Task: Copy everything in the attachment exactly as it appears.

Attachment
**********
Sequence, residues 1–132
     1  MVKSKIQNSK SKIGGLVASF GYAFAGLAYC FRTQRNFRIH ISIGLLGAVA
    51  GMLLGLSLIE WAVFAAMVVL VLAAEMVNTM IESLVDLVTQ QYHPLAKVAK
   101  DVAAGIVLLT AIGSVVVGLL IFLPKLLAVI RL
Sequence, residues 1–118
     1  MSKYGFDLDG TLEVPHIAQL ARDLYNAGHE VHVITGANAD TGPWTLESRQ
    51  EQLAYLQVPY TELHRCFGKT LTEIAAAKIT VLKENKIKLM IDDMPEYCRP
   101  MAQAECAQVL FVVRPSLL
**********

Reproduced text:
Sequence, residues 1–132
     1  MVKSKIQNSK SKIGGLVASF GYAFAGLAYC FRTQRNFRIH ISIGLLGAVA
    51  GMLLGLSLIE WAVFAAMVVL VLAAEMVNTM IESLVDLVTQ QYHPLAKVAK
   101  DVAAGIVLLT AIGSVVVGLL IFLPKLLAVI RL
Sequence, residues 1–118
     1  MSKYGFDLDG TLEVPHIAQL ARDLYNAGHE VHVITGANAD TGPWTLESRQ
    51  EQLAYLQVPY TELHRCFGKT LTEIAAAKIT VLKENKIKLM IDDMPEYCRP
   101  MAQAECAQVL FVVRPSLL